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Well done, that’s how to cook your burger

Who invented the burger? And how did they cook it? 



In this episode of The Curious Consumer podcast, our food microbiologists Linda Gordon and Mairead McCann look into the facts behind cooking burgers.

The origins of food safety for burgers

As well bringing us roads, indoor plumbing and the heated bath, the Romans came up with the first hamburger!

Their recipe for Isicia Omentata - made of minced meat, pepper, wine, pine nuts and fish-based sauce - was recorded in a 4th or 5th century cookbook.

In the 13th century, the Mongols had Steak Tartare – slabs of meat kept under their belts.

Londoners had Hamburg sausages in 1700s.

And did you know that:

  • Australians eat more burgers than Americans.
  • Burgers are the most popular food on the planet.

And burgers are responsible for one of the worst cases of food poisoning in US history.

Jack in the box

In 1993, over 700 people got food poisoning when Jack In the Box, a fast-food chain, sold under-cooked burgers that infected customers with Shiga toxin-producing E.coli bacteria (or STEC for short). STEC is a particularly harmful type of E.coli that can cause kidney failure, particularly in children under five and the elderly.

This outbreak involved 73 restaurants, and led to the deaths of 4 children. 178 others were left seriously ill including some with permanent kidney and brain damage. This was the first outbreak attributed to this particular type of E.coli and since then there have been many outbreaks associated with burgers and a variety of other foods all across the world.

Where does STEC it come?

Most E.coli are actually harmless but there is a small group of E.coli called STEC that can cause very severe illness. E.coli is found in the guts of animals and humans. Back in 2016, an outbreak of STEC in Ireland was linked to a restaurant serving undercooked beef burgers. This prompted safefood to commission a consumer survey which found that 24% of people on the island of Ireland have a preference for undercooked burgers.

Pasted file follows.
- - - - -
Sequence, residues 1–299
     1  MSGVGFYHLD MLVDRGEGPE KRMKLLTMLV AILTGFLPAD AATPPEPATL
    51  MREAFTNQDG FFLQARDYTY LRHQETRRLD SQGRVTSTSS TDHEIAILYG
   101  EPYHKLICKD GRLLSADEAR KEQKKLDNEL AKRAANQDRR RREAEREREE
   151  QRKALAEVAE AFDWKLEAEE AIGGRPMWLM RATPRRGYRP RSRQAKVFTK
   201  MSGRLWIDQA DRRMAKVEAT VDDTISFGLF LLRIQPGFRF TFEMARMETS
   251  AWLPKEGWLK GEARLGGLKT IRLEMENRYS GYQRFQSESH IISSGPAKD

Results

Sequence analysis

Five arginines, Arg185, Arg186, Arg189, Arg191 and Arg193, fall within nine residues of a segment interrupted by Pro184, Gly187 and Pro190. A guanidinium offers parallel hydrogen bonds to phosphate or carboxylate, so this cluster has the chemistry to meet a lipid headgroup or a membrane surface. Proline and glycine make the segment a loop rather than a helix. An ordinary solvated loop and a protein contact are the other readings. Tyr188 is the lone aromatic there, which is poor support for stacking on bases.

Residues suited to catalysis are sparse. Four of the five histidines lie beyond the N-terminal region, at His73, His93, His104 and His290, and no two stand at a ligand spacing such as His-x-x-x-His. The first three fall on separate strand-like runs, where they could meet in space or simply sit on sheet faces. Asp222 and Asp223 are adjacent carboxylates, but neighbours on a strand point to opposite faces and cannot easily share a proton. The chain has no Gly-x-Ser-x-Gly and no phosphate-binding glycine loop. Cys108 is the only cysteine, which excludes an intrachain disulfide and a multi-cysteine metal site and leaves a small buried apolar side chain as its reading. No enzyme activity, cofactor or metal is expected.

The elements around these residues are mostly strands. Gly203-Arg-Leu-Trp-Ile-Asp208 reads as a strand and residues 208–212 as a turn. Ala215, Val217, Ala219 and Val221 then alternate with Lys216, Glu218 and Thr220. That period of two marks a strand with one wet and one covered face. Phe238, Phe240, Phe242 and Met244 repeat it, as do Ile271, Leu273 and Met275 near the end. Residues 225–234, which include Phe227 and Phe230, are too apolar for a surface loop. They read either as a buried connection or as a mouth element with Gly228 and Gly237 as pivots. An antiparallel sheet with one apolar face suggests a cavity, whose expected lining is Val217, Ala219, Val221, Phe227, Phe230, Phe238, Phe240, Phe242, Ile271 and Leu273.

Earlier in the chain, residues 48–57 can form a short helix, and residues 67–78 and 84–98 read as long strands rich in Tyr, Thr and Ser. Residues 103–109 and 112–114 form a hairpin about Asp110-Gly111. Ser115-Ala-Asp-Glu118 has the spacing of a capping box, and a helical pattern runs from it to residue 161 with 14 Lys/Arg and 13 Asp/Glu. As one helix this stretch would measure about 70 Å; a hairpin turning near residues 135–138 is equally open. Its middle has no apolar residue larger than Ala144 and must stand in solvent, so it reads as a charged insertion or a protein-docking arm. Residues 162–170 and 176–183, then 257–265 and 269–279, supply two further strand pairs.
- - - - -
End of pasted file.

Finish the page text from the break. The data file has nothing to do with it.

How do you cook your burger?

Well done is how you should cook your burger to protect yourself and your loved ones from getting food poisoning.

safefood is often asked why you can eat a steak rare or under-cooked but need to cook a burger thoroughly. This because when a steak is seared any harmful bacteria on the outside out the beef will be killed, making the it safe to eat.

On the other hand when we mince beef to make burgers, any harmful bacteria from the surface of the raw meat will be spread throughout the burger. So unless the burger is cooked right through, these bacteria can remain alive on the inside and could cause food poisoning.

To cook a burger properly it’s important is to make sure juices run clear, the burger is piping hot all the way through and there’s no pink meat.

And If you have a meat thermometer, you should this insert into to the centre of the burger at the thickest part and when its reads at least 75 degrees Celsius your burger will be safe to eat.

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